Believing Is Seeing: Observations On The Mysteries Of Photography by Errol Morris. (Penguin.) Morris brings his great talent as a filmmaker to this investigation of the contested reality behind an eclectic range of documentary photographs – from the Crimean War, the Depression, Abu Ghraib and elsewhere. Intercutting his essays with maps, letters, timelines and interview excerpts, Morris “refines our most basic way of understanding the world,” Kathryn Schulz wrote in The Times Book Review.
Sisterland by Curtis Sittenfeld. (Random House) Identical twin sisters deal with their psychic abilities in very different ways in this psychologically vivid novel. While Kate does everything she can to fit in as a suburban housewife, the more flamboyant Violet becomes a professional medium. Sittenfeld moves effortlessly between the girls’ childhood in 1980s St. Louis and the present, where Violet’s prediction of a natural disaster has caused a media maelstrom.
The Guns At Last Light: The War In Western Europe, 1944-1945 by Rick Atkinson. (Picador) The first book of Atkinson’s monumental trilogy about the Allied triumph in Europe, “An Army at Dawn” (2002), followed the war in North Africa. “The Day of Battle” (2007) described the conflict in Sicily and Italy. This final volume starts with D-Day, ends with the formal German surrender 11 months later, and shows that the road to Berlin was far from smooth.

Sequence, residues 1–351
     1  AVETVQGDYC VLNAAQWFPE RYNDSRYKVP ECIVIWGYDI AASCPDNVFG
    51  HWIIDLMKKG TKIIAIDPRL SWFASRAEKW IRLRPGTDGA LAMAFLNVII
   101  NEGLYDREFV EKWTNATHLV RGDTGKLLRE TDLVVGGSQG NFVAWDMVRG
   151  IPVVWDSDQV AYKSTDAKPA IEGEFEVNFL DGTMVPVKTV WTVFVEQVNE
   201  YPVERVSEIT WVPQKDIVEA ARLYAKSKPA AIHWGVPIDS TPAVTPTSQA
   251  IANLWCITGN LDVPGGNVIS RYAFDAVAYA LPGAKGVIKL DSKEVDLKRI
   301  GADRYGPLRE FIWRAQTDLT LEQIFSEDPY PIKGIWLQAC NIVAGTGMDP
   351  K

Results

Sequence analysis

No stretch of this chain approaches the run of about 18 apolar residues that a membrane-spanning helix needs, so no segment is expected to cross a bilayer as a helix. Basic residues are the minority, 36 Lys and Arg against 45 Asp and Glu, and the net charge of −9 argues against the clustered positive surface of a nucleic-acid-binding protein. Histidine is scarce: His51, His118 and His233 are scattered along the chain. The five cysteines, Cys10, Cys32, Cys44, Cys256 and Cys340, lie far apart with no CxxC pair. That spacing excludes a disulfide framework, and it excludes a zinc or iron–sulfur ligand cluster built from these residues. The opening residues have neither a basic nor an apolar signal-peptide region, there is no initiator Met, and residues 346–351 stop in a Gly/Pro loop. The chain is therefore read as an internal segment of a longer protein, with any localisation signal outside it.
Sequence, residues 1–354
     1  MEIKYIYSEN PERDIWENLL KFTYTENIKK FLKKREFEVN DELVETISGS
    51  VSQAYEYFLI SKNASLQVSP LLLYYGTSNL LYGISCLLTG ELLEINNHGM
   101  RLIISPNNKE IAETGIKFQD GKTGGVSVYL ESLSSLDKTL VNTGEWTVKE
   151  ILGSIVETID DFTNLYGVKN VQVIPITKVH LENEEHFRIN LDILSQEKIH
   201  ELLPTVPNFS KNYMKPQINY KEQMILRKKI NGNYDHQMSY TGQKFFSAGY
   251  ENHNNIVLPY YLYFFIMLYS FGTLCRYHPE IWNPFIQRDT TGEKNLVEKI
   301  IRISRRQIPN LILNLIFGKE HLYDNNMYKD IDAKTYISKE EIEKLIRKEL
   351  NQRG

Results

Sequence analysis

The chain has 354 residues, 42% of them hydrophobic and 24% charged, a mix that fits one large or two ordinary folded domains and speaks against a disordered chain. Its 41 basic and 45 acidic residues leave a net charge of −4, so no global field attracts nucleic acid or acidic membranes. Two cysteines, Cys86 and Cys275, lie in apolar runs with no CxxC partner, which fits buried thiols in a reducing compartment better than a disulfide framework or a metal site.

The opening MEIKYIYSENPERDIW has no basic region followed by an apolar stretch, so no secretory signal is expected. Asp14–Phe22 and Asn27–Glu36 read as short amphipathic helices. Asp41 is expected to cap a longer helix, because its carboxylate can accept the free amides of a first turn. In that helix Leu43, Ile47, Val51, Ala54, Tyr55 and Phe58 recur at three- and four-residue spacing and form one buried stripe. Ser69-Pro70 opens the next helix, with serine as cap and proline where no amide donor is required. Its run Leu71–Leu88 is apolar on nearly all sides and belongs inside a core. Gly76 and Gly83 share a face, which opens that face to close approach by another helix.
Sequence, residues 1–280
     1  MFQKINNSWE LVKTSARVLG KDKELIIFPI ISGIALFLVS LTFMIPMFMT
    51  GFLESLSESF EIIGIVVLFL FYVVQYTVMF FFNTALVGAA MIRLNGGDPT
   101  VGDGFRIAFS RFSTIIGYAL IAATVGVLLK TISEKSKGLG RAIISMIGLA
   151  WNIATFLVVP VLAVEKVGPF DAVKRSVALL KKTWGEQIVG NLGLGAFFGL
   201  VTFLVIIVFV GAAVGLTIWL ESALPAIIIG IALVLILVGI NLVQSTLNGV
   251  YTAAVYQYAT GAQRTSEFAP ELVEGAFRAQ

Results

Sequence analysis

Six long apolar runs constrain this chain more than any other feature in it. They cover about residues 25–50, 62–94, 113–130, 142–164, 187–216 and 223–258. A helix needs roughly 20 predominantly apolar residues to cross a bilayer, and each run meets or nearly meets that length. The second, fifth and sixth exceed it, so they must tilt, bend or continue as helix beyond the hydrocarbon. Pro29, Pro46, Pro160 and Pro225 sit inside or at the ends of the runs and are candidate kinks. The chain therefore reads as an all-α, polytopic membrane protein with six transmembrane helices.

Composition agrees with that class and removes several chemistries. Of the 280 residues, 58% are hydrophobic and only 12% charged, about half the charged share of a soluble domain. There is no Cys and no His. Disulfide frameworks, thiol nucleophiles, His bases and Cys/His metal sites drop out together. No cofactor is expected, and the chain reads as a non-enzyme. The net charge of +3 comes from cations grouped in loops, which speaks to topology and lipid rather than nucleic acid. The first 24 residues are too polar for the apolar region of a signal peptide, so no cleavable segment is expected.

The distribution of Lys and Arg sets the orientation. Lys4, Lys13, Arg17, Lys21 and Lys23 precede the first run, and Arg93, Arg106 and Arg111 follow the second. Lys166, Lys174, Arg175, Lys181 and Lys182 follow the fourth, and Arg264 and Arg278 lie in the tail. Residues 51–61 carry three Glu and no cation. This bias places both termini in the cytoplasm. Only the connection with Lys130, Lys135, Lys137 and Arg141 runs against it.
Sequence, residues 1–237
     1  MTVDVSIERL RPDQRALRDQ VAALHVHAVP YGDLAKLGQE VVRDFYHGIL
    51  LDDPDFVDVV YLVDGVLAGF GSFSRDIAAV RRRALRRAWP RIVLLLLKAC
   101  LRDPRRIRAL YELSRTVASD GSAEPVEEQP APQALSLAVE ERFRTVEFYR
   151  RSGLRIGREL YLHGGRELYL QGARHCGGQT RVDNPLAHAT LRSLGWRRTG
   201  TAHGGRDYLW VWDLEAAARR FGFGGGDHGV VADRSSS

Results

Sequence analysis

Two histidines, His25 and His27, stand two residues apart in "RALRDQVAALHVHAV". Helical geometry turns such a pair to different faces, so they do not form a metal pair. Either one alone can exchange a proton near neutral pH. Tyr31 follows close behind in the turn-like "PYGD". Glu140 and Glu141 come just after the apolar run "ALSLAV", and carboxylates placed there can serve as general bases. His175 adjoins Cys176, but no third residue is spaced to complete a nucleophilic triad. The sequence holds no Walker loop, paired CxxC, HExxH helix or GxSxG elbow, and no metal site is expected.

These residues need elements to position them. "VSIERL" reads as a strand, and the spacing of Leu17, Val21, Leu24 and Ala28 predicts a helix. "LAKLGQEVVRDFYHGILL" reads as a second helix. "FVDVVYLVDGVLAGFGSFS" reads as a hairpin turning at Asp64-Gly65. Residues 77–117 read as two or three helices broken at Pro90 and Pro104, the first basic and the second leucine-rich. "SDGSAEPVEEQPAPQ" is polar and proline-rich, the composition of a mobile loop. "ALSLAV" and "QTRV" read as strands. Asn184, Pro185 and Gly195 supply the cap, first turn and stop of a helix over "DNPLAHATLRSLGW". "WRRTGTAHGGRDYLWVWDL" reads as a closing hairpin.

On Sal Mal Lane by Ru Freeman. (Graywolf) A looming civil war threatens to engulf the multi-ethnic Sri Lankan street of Freeman’s novel, which opens in 1979: a mix of Sinhalese, Tamils and Burghers, the comfortably middle class and the dirt poor.
The Faraway Nearby by Rebecca Solnit. (Penguin) Creating links between seemingly disparate ideas, as she did in “A Field Guide to Getting Lost” (2005), is Solnit’s gift. The essays here – about, among other things, apricots, Mary Shelley’s “Frankenstein” and Che Guevara – contemplate the way we tell stories to make meaning and bring together episodes from a trying year in Solnit’s life, including her mother’s descent into Alzheimer’s.
Want Not by Jonathan Miles. (Mariner/Houghton Mifflin Harcourt) Miles’ second novel explores varieties of waste and decay in a consumer world, weaving together the stories of a “freegan“ couple living off the grid in New York, a worn-down linguist whose wife has left him and a debt-collecting magnate.
Brothers: On His Brothers And Brothers In History by George Howe Colt. (Scribner) Colt parallels his quest to understand how his three brothers shaped his life with an examination of the complex relationships between famous brothers in history, including Edwin and John Wilkes Booth, Theo and Vincent van Gogh, and the Marx brothers.
New York Times